‘Be intentional about your goals’: Abigail Ralph is paving her path in research
Abigail Ralph is finding her way – and making her mark – on developing research that positively impacts communities.
Ralph, a fourth-year neuroscience and health policy major at U of T Scarborough, has dived into numerous research and leadership opportunities in both fields. She recently wrapped up an internship at the KTH Royal Institute of Technology in Sweden, where she worked on new protocols for research on pluripotent stem cells.
Back home in Toronto, Ralph was one of four student co-investigators on the Vaccine Equity Project, an initiative that provided recommendations on improving pop-up vaccination clinics for racialized post-secondary students in Toronto’s COVID-19 hotspots. It was supported by the 2021 U of T Student Engagement Award, which provides financial support to student projects that foster a global community in midst of the COVID-19 pandemic.
Earlier this year, Ralph was the first student to receive the Black Student Excellence Award. Developed by U of T Scarborough’s department of health and society, the award recognizes students who display academic excellence and community involvement.
With her sights now on medical school, BRN News chatted with Ralph about her research and achievements so far.
What inspired you to pursue neuroscience and health policy?
For neuroscience, it really stemmed from watching someone in my family deal with a neurological condition that the doctors didn’t have answers to. I remember being frustrated because at that time and that age, I assumed that doctors should have the answers but now I realize it’s researchers who generate that.
Growing up in a neighbourhood that is underserved, you see a lot of inequities. Health policy was something that came to me naturally to be part of the change to help.
The research that you have taken part in ranges from Toronto-based initiatives like the Vaccine Equity Project to studying pluripotent stem cells in Sweden for your internship. Tell us more about your work.
We noticed that Toronto’s vaccine rollout was not equitable. Higher-income communities got the vaccine first, yet lower-income areas have the highest number of healthcare workers and people diagnosed with COVID-19. I was approached to take part in the project to study the impact of the vaccine rollout on post-secondary students in the Rexdale and Jane-Finch areas. It was really disheartening to see our moms, fathers and family members not have relief. As students at U of T, we had the platform to do something about it, so that’s how the Vaccine Equity Project came about.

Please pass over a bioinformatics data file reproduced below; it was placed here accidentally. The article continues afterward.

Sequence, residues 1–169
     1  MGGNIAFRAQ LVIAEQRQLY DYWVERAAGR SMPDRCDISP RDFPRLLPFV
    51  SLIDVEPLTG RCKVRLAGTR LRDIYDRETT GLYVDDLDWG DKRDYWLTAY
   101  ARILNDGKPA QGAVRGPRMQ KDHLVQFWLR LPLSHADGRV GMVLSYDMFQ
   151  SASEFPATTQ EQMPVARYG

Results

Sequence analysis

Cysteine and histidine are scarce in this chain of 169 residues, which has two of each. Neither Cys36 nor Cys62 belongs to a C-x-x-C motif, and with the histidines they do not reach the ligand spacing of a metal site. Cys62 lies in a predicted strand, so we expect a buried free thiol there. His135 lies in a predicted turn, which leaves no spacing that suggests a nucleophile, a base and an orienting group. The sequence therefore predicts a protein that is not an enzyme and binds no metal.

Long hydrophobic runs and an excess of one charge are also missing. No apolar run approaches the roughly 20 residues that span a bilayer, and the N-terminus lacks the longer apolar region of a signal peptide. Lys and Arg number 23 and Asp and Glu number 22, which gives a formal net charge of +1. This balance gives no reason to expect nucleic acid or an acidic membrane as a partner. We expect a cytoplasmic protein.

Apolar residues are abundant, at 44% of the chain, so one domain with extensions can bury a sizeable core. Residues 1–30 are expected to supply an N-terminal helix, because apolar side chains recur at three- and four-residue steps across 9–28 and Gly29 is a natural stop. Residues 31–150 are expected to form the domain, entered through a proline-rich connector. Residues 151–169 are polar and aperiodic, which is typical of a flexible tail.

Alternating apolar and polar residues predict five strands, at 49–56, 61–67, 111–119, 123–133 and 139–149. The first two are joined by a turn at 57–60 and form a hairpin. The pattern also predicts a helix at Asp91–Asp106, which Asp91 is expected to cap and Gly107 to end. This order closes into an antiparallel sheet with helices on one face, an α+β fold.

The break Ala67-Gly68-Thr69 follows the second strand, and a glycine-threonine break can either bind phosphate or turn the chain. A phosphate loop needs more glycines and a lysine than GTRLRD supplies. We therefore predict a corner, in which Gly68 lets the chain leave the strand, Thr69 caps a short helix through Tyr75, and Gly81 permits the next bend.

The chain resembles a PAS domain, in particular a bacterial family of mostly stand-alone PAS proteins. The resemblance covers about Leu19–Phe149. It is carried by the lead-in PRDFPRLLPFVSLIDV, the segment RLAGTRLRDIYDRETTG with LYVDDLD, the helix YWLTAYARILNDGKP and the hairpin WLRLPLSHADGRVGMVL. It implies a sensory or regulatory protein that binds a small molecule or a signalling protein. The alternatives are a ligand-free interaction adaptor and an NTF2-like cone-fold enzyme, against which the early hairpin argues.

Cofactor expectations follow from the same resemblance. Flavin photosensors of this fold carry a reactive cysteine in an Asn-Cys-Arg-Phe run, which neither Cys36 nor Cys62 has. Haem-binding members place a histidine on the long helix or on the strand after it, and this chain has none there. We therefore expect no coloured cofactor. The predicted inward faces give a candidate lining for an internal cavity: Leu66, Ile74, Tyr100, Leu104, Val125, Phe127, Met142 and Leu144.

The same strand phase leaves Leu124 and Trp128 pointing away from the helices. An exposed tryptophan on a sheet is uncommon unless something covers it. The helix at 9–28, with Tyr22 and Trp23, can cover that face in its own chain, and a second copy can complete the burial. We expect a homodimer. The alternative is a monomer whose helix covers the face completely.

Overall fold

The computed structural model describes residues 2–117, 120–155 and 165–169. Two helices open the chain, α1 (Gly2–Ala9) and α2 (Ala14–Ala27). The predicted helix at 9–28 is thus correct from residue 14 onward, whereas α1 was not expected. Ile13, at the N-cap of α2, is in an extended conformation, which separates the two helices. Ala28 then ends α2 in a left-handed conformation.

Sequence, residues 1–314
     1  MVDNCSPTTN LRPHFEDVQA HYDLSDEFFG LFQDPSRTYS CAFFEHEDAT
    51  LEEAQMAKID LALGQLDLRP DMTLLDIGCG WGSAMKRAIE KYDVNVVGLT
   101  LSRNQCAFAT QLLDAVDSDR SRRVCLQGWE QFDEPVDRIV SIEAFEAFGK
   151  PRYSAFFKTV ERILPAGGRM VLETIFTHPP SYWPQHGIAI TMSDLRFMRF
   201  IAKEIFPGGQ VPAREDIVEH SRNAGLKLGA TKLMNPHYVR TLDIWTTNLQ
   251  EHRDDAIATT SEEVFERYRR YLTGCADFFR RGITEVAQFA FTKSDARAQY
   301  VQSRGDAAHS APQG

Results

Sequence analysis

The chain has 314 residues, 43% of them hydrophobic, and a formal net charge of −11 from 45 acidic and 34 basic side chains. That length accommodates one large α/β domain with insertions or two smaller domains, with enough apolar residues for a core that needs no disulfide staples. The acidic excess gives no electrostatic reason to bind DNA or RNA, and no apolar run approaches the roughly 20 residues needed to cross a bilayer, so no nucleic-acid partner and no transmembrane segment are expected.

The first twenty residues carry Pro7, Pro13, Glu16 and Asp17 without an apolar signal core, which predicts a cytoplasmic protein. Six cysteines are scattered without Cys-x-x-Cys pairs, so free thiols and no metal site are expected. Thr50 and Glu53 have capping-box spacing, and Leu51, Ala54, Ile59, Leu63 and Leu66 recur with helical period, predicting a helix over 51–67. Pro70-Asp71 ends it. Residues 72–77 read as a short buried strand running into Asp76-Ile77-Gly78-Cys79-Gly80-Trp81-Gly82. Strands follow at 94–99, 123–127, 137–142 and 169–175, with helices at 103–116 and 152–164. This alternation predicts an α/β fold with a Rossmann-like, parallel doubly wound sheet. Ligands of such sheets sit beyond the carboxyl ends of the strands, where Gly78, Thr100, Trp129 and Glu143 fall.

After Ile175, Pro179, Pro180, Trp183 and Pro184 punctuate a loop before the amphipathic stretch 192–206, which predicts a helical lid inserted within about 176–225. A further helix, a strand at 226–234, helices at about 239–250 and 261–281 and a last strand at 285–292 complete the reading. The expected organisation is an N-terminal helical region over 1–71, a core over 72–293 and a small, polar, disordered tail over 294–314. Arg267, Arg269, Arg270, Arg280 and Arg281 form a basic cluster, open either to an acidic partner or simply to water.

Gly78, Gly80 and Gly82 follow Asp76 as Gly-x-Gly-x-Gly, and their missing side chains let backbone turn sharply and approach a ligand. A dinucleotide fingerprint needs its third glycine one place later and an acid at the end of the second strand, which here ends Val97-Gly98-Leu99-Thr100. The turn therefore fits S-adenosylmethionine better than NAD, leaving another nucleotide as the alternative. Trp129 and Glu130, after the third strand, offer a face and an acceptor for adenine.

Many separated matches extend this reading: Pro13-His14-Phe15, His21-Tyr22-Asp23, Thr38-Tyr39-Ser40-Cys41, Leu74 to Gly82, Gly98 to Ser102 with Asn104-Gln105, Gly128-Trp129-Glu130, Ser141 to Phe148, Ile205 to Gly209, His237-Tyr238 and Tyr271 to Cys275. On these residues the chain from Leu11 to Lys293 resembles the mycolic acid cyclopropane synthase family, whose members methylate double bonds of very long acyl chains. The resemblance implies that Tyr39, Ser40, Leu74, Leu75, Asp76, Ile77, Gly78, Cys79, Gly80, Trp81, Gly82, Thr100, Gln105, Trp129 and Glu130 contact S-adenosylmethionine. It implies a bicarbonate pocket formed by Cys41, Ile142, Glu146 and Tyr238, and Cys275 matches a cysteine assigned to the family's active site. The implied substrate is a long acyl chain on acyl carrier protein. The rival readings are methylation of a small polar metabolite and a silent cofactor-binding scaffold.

As for Sweden, my goal coming into university was to get adequate research experience in both of my majors. I think that it’s my job as a learner to seek those opportunities. I was very fortunate to get the Globalink Research Award to help me go abroad for the summer and connect with other researchers.
In February, you received the department of health and society’s first Black Student Excellence Award. Take us back to the moment you found out. What did it mean for you to be the first recipient of the award?
I was really happy! It feels great to be recognized for the work that I’ve done – but it also made me realize that I have a lot more work to do to make the impact that I want. I see that U of T is making a shift to greater support Black students and it made me very proud to be the first student to get that award.
A pillar at the Black Research Network is the power of mentorship. Do you have any mentors and how have they played a role in your success so far?
I’ve had mentors since high school. They are the ones that guided me down the path of research and ignited my curiosity. At U of T Scarborough, Notisha Massaquoi has been an incredible mentor. She’s our supervisor for the Vaccine Equity Project and has been so supportive and gives us great advice. We approached her before she even started her contract and have accomplished so much thanks to her.
What is your advice for first-year students on finding their own path and pursuing different opportunities, especially in research?
Plan out your courses, that is something that is tangible. Secondly, be intentional about your goals to make the most of your time here. Another thing is not to be too hard on yourself, especially as you’re learning and growing in your first year.